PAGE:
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Aged care a hot topic during the first Election Leadership Debate

The first Leadership Debate of the Federal Election campaign was held last night and hard-hitting questions were asked of current Prime Minister Scott Morrison and Opposition Leader Anthony Albanese.

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Prime Minister Scott Morrison and Opposition Leader Anthony Albanese locked heads during the first Federal Election Leadership Debate. [Source: Sky News Live Video]

The debate included the topics of aged care and cashless debit cards.

Aged care has been considered a key issue that will impact the outcome of the upcoming Federal Election and was a big topic of discussion during the Leadership Debate.

There were 100 undecided voters in attendance at the debate to ask questions about issues and policies that Australians want to know about to inform their vote.

Mr Albanese was named the winner of the debate with the backing of 40 percent of the undecided voters to PM Morrison's 35 percent, and 25 percent of the voters were still undecided.

The event was held in Brisbane at The Gabba Stadium by Sky News and The Courier Mail, and was moderated by Sky News Anchor, Kieran Gilbert.

Aged care workforce and quality care

One of the first questions of the Debate was about aged care, specifically the nursing workforce and how the two parties intend to support the aged care sector, including in rural and remote areas.

Mr Albanese started off the debate stating that 80 percent of nurses in the aged care sector are part-time and many nurses want more hours.

He adds that the Labor Party, if elected, were committed to "putting the nurses back in nursing homes".

"I think most people would be surprised that there aren't nurses in nursing homes right now because it seems so fundamental, it seems like such common sense. We need to make sure that occurs," says Mr Albanese.

Mr Albanese also says that there are 20,000 additional university places being put forward in the Labor plan to address the skill shortage in the sector. He wants more nurses trained for jobs in aged care to account for the ageing population.

Policies that Labor wants to implement include:

  • 24/7 nursing in aged care homes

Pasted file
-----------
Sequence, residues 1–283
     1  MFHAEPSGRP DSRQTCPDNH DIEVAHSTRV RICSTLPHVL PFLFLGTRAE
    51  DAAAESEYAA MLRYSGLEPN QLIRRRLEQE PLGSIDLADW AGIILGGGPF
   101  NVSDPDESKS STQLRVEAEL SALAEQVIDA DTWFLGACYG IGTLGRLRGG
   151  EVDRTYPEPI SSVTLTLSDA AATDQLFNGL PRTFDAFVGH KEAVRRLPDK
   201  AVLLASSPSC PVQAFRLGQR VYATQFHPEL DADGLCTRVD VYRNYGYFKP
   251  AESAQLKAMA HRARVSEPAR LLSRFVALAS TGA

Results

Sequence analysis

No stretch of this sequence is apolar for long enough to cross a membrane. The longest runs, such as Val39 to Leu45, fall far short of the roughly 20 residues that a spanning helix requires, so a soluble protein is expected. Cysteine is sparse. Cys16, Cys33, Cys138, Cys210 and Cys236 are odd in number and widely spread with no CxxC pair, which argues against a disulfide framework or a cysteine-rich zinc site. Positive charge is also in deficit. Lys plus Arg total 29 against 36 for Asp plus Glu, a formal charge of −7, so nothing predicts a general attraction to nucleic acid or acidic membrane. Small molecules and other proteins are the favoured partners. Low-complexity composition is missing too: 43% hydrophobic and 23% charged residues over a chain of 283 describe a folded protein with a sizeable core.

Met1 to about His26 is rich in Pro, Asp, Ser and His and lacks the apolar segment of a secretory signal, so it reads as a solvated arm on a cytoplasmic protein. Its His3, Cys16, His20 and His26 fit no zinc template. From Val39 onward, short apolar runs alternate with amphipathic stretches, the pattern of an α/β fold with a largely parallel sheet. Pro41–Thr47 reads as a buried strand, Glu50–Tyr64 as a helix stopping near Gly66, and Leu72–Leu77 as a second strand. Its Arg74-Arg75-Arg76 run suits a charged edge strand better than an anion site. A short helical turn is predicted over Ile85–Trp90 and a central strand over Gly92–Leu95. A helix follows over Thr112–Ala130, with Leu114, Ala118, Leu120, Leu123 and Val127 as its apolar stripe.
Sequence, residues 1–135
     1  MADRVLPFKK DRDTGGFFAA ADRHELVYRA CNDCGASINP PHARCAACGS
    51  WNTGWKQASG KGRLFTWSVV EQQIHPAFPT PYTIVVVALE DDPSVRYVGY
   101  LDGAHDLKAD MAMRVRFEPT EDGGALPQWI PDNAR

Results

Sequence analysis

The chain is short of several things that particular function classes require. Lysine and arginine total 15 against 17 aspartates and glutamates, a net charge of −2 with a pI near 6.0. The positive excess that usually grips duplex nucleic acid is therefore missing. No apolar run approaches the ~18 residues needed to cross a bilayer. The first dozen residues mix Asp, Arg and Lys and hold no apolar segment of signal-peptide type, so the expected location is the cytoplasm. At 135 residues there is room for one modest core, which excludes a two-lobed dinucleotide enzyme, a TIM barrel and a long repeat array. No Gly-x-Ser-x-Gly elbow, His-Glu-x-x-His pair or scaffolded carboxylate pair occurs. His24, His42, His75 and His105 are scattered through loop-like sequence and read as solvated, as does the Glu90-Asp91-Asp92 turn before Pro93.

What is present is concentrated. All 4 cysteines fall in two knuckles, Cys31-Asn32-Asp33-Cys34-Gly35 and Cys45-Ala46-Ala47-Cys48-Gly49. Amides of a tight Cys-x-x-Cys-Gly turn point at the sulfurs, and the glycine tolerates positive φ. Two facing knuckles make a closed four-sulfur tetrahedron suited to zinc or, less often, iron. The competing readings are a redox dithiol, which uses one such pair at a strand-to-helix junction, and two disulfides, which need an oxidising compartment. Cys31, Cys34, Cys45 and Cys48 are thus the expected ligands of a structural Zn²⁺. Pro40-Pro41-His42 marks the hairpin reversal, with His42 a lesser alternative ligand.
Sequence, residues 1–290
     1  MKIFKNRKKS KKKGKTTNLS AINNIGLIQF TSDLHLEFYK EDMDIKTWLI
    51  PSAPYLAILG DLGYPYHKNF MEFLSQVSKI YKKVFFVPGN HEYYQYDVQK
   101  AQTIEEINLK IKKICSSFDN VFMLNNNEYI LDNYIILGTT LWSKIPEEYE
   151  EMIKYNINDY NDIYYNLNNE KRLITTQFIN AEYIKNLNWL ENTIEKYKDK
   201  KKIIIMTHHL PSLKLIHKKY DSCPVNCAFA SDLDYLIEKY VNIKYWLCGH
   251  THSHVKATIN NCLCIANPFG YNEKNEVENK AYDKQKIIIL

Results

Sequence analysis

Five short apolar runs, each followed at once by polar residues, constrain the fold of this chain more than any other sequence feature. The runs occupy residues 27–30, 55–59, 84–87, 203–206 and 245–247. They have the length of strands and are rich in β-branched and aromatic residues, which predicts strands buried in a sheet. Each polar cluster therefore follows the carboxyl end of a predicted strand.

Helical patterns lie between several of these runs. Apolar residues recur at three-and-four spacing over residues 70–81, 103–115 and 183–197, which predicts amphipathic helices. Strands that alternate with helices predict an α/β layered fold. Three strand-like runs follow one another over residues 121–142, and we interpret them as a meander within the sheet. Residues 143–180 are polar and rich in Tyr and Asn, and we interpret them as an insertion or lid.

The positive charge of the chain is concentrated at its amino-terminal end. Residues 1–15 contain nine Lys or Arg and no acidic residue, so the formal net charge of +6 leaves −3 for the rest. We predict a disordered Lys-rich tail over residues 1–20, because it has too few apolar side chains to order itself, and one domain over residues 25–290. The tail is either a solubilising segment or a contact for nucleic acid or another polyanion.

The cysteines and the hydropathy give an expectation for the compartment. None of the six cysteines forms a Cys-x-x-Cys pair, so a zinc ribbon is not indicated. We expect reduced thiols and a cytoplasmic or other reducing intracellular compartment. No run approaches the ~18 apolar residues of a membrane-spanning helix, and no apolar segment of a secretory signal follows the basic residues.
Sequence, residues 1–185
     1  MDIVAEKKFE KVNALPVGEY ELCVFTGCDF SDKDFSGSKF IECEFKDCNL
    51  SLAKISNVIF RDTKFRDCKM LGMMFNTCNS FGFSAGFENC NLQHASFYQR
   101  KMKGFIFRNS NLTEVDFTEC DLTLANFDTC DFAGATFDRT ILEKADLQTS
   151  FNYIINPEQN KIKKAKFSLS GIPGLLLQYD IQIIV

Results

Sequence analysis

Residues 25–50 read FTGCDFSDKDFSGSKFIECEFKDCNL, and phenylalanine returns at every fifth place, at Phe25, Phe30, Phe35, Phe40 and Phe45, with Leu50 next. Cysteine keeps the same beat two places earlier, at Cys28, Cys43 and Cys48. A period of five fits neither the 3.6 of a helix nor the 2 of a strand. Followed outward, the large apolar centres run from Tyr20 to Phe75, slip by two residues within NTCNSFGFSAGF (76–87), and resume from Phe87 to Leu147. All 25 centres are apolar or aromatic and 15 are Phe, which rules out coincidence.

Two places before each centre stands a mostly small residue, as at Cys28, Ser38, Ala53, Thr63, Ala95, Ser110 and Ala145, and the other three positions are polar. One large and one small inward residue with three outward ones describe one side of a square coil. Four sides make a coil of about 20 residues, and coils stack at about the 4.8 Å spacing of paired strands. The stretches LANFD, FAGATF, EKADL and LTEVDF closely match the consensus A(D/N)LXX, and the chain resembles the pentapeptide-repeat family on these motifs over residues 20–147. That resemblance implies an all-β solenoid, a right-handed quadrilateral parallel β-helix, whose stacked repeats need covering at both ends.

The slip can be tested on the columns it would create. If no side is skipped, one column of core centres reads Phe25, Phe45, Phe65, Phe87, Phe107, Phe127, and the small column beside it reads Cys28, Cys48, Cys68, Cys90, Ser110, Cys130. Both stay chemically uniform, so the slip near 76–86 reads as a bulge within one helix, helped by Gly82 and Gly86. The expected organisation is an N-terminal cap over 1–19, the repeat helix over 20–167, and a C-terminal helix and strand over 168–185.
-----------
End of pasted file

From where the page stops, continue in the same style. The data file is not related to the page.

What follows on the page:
• 215 minutes of care for every older Australian in an aged care home
  • Better pay for aged care workers
  • Better food and nutrition, with a specific mention of working with the Maggie Beer Foundation
  • Improved transparency and accountability of providers

Mr Albanese says, "One of the things I found incredibly shocking about the Royal Commission findings is that the Interim Report found that over half of aged care residents weren't getting the nutrition they need. They were literally starving.

"We had cases like food being scraped up off plates and put in a blender and served the next day as puree. Now, in 2022, we can do better than that."

The same question was put to PM Morrison, who was asked why the Government has not already implemented 24/7 nursing in aged care facilities.

PM Morrison explained his own experience with his father in aged care and was incredibly grateful to the workers who took care of his father until he passed, however, he called the Royal Commission into Aged Care Quality and Safety because the aged care system was not working as it should.

He was adamant though, that implementing 24/7 nursing right now would not be sustainable and resources need to be developed and pooled before executing that plan.

"What the Royal Commission found is that there have been problems in our aged care system for 30 years and they are complex and they are difficult problems," explains PM Morrison.

"We can't just make nurses all of a sudden fall out of the sky and be able to go and meet a 24/7 commitment to have a nurse in every single aged care [home]. Now, a part of our plan, in 2025, I believe, is to be able to achieve that and hopefully before then. This year, [we will have nurses covering] 16 hours a day, because that is how many nurses we have to do that.